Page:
As well, Diana Ross, who was embarking on a solo career, was selected to introduce the group, tying the label's brightest star to its newest act. She played host on a TV special showcasing the brothers, and their debut album was titled Diana Ross Presents the Jackson 5.

Some of the traditional soul songs Mr. Taylor produced for the band were not heard by the public for a quarter-century until the release in 1995 of Soulsation!, a four-CD box set.

He continued hunting for young talent for Motown, finding a girl group in Houston that later replaced a member with a male vocalist. The Undisputed Truth had a Top 40 hit with Smiling Faces Sometimes.

Meanwhile, Mr. Taylor released a solo album in 1969. Taylor Made Soul opens with two sizzling cuts in Out in the Country and Oh, I've Been Bless'd and includes a stunning, heartbreaking ballad in It Should Have Been Me Loving Her. The album never caught on, though it has come to be a favourite among aficionados for showcasing an underrated soul vocalist at the peak of his talents.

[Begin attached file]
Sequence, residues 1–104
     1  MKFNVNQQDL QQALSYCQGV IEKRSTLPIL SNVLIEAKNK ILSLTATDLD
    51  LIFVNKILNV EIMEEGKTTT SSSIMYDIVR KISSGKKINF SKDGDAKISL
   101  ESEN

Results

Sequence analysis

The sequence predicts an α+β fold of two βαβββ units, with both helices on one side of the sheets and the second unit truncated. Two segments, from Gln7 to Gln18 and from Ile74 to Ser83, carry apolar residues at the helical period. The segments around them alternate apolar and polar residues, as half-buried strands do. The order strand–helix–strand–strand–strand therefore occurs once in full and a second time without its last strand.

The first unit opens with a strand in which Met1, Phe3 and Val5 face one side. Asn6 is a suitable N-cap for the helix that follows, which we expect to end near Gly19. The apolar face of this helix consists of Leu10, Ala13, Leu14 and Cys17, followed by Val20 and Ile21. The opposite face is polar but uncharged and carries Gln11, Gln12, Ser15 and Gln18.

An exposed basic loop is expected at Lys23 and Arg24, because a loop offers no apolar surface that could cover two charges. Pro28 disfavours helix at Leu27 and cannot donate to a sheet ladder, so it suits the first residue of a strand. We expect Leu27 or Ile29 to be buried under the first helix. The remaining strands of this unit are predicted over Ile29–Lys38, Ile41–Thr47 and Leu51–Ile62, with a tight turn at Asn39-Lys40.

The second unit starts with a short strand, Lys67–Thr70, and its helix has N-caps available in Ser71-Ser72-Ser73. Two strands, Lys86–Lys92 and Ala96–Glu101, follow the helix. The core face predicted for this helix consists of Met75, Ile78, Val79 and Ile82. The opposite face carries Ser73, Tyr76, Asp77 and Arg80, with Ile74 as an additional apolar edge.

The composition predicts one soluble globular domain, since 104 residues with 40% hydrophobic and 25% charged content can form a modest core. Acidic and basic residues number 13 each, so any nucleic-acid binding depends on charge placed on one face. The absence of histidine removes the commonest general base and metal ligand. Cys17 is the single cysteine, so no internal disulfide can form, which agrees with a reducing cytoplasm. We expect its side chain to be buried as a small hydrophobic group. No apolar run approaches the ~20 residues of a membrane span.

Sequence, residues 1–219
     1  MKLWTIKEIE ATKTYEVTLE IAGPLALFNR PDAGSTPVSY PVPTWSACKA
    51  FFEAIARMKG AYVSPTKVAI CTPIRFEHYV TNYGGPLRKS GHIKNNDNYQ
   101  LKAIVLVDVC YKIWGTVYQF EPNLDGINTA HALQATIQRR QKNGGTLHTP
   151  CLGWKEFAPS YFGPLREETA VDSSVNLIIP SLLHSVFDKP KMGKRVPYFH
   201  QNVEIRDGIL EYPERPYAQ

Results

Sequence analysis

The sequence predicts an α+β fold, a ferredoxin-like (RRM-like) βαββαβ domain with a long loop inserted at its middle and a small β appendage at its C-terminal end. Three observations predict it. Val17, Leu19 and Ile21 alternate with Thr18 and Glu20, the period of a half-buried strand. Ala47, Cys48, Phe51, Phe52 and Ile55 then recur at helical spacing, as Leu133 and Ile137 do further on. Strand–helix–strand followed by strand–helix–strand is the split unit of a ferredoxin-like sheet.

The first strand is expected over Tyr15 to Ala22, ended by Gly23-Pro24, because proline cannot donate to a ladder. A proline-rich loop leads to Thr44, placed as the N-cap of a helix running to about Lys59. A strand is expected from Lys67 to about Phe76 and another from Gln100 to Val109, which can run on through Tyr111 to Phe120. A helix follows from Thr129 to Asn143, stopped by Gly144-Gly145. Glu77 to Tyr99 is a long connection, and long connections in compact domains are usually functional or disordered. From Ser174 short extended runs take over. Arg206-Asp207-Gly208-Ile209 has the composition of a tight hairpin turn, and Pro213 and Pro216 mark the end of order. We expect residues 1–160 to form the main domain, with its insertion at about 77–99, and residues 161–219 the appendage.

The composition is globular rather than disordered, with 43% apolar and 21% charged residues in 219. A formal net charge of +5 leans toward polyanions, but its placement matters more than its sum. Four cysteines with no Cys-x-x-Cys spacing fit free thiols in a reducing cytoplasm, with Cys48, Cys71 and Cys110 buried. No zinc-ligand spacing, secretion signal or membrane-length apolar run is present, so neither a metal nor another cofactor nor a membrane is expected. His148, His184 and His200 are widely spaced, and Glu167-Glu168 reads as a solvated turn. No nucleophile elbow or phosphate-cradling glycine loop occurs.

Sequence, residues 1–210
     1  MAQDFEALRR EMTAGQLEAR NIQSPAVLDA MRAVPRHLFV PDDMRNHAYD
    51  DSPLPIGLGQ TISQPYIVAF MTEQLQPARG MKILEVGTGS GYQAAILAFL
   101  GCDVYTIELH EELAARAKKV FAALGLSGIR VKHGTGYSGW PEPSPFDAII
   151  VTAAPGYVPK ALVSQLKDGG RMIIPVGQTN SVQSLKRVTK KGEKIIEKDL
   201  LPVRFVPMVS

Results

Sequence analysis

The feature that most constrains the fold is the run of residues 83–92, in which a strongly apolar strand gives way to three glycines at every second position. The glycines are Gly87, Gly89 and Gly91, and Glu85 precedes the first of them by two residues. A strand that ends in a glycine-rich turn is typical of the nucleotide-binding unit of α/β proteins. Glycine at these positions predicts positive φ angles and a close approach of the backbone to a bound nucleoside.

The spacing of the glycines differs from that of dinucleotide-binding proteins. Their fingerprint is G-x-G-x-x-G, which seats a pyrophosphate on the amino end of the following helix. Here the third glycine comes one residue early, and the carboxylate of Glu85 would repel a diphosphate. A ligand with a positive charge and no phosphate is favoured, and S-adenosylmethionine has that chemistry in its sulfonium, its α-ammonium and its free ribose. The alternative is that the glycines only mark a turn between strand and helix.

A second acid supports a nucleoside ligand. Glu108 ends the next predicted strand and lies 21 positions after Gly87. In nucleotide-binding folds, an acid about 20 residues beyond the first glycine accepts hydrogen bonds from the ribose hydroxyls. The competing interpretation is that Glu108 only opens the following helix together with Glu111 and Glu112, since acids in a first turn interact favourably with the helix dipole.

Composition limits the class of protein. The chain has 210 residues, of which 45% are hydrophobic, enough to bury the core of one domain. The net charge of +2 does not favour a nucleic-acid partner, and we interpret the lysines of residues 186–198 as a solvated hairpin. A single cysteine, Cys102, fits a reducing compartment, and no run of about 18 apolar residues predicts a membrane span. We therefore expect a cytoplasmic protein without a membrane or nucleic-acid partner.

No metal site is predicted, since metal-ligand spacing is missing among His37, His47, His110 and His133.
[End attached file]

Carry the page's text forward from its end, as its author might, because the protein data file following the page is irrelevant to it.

The singer released a handful of singles on various labels after parting with Motown.

He eventually returned to Vancouver after being diagnosed with throat cancer, forming a band called the New Vancouvers and rekindling a romance from the 1960s with the former Linda Smith. "He dated me back then and maybe two or three hundred other women," she said recently, with a laugh. "I saw him for the first time in 20 years and we got married a month later." The marriage lasted a decade. Mr. Taylor opened a club called the R&B Connection in North Vancouver, mentored aspiring singers, taught choir and convinced teenagers to go caroling through the neighbourhood each yuletide. He performed at Rossini's, a club in the Gastown district where he trained an 11-year-old vocalist named Carsen Gray, from isolated Skidegate on Haida Gwaii. The girl reminded him of Michael Jackson. "Like him, she's got the talent to go all the way," he told a reporter in 2002. Earlier this year, Ms. Gray was named best new artist at the Indigenous Music Awards in Winnipeg.